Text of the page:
Monday 23 January 2023

Treasury Secretary Janet Yellen says the IRS needs to be 'completely redone' - and a $1 trillion coin WON'T be minted to avoid U.S. defaulting on its debts

 Treasury Secretary Janet Yellen said on Sunday that the IRS needs to be 'completely redone,' signaling the start of a long and arduous fight against Republican efforts to gut the taxation agency.

It comes the same day she told the Wall Street Journal that minting a $1 trillion coin to stop the U.S. from going into financial default would likely be out of the question.

House Republicans are opposed to raising the debt limit without offsetting the increase with spending cuts elsewhere - a point Senate Democrats and the White House have made clear they will not negotiate on.

Asked about the looming debate with Congress by Reuters, Yellen simply put her hand to her forehead and sighed.

Among the GOP's first acts in the House majority this year has been to vote on a bill to repeal the added funds given to the IRS by the Inflation Reduction Act.

It likely won't get anywhere in the Senate, but the symbolic legislation is a clear marker that negotiating with the right on internal revenue improvements will be an uphill battle.

Treasury Secretary Janet Yellen weighed in on the debt ceiling fight while on a tour promoting American investment in Africa

Treasury Secretary Janet Yellen weighed in on the debt ceiling fight while on a tour promoting American investment in Africa

Yellen said on her way to Zambia that she was thrilled about the last Congress having approved $80 billion in new funding to help the agency reduce a huge backlog of tax returns and better hunt down $600 billion in unpaid tax bills.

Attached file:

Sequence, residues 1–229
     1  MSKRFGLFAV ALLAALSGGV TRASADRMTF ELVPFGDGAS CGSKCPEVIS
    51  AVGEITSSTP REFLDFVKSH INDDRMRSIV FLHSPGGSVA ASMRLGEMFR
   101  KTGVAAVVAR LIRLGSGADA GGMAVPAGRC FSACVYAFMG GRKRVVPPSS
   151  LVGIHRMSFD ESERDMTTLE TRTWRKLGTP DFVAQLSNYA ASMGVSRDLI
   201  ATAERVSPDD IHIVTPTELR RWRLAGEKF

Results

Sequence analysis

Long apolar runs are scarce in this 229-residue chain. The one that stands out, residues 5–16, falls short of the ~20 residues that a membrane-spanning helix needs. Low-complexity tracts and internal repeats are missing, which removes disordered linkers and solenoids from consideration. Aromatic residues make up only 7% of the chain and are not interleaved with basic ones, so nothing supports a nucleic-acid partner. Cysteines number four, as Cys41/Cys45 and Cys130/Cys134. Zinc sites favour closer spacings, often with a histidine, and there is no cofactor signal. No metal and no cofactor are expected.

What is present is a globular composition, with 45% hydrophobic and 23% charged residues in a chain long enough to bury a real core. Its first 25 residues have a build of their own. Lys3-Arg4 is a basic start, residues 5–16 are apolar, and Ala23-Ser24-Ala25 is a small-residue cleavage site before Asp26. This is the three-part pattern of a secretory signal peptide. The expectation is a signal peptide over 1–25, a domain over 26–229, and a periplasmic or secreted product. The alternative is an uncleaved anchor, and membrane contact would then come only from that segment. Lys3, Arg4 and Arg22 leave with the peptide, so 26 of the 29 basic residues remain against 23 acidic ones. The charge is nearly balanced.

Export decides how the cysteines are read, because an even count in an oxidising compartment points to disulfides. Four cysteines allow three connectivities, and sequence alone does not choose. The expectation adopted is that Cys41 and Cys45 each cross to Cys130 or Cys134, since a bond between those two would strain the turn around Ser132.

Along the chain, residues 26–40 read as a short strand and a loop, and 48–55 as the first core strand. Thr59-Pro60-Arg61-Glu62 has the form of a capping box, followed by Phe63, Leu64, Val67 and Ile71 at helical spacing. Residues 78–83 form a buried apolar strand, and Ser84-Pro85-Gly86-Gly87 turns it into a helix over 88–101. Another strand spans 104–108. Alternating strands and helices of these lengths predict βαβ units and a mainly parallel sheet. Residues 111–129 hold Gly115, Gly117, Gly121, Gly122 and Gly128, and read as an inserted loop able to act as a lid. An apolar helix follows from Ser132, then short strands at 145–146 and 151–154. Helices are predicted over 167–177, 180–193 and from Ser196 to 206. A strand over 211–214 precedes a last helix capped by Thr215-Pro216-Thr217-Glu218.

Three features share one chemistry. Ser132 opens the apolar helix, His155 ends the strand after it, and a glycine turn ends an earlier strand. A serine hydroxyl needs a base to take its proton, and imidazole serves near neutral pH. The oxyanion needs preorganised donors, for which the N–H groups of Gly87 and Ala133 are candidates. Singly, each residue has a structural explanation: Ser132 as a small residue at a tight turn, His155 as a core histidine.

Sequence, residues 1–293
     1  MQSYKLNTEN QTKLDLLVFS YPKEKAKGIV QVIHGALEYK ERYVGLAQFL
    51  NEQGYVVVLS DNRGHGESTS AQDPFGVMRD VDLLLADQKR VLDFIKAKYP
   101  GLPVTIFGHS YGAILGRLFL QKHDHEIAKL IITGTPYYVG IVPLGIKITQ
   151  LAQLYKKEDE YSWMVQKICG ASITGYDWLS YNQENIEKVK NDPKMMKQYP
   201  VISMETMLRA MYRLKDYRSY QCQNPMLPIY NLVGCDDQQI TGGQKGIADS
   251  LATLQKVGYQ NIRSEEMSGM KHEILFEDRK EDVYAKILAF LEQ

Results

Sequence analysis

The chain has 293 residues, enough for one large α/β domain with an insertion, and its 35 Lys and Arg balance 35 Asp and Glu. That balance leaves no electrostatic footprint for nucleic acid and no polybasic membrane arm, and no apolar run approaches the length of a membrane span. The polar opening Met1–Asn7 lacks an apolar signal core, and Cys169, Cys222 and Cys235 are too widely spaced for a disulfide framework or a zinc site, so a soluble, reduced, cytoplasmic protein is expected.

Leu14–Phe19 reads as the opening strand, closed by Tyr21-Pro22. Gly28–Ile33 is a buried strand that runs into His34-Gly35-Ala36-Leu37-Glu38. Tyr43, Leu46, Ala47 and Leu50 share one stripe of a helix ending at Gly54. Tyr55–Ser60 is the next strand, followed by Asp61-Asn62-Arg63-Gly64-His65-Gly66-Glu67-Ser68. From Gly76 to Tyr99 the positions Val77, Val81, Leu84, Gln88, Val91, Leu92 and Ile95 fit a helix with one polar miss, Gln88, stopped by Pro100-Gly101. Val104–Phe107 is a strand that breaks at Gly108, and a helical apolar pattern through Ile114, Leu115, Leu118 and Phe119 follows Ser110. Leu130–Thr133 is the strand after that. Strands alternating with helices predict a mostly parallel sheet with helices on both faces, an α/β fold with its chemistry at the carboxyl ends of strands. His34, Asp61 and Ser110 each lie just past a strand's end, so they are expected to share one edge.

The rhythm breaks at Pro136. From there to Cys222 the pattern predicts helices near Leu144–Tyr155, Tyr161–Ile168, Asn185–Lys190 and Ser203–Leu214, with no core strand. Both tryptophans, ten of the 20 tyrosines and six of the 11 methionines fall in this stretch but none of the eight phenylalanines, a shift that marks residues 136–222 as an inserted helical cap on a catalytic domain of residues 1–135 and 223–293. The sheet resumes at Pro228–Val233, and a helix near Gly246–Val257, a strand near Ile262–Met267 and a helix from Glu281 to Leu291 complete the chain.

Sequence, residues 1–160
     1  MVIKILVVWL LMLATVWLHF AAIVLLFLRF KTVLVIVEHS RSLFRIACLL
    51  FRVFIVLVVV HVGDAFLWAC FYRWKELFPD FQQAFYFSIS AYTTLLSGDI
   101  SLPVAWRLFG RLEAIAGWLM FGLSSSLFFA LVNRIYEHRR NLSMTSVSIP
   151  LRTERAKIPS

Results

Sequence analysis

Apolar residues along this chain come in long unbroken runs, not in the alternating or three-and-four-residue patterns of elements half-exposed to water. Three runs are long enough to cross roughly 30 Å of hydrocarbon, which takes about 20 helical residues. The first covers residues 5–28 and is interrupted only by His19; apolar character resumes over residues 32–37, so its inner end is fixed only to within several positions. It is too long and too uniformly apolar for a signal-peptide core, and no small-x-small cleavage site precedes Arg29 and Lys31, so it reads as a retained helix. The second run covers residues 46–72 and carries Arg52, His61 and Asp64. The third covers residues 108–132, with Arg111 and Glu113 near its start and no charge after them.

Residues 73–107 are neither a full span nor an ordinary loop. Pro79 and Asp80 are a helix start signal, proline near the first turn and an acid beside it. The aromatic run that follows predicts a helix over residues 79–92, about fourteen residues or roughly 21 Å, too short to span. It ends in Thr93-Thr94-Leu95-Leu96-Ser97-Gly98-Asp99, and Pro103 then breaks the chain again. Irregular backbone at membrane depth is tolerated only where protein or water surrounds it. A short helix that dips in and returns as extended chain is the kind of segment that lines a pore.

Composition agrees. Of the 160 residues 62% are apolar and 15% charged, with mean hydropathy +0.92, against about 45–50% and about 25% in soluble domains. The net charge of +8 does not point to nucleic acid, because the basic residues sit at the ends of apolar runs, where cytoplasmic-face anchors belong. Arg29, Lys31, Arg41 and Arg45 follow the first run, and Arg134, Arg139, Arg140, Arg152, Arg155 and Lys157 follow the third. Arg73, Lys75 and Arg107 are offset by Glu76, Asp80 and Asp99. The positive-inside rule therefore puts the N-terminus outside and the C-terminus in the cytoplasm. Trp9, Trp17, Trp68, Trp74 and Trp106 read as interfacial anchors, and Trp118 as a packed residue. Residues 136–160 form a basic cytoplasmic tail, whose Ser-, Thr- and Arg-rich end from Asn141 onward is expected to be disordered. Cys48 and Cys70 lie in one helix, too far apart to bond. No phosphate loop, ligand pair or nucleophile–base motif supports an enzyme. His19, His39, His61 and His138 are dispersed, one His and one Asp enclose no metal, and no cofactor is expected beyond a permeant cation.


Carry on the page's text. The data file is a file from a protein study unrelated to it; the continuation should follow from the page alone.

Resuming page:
She said she decided to stay on as Treasury secretary in large part to oversee implementation of legislation like the Inflation Reduction Act, which included the IRS funding and passed on party lines last year.

In October, Yellen denied unconfirmed reports that she was going to step down and be replaced by President Joe Biden after the midterm elections.

The Treasury official lobbied hard for extra funding to help the IRS deal with what she called massive problems, including a 'huge backlog' in working through tax returns, and lack of personnel to carry out complicated audits of higher-earning taxpayers.

'I'm excited about legislation that's passed and I want to make sure that it makes the difference it should make, and that includes the IRS,' she said.

 'That agency needs to be completely redone, and it's a big task.'

But she'll have to juggle that agency overhaul while also navigating the Treasury through the 'extraordinary measures' needed to carry the U.S. economy, as she announced to House Speaker Kevin McCarthy last week.

Yellen wrote a letter to McCarthy on January 19 warning him that the U.S. was very near its debt limit, and that urgent action was needed to avoid risking a massive default that could put the global economy into a tailspin.

'The period of time that extraordinary measures may last is subject to considerable uncertainty, including the challenges of forecasting the payments and receipts of the U.S. Government months into the future,' she wrote.

'I respectfully urge Congress to act promptly to protect the full faith and credit of the United States.' 

Speaking to the Journal about one option, minting a $1 trillion coin that would then be deposited at the Federal Reserve and used to pay the country's debts, Yellen guessed such a move would be out of question for the monetary body.

'It truly is not by any means to be taken as a given that the Fed would do it, and I think especially with something that’s a gimmick,' Yellen said. 

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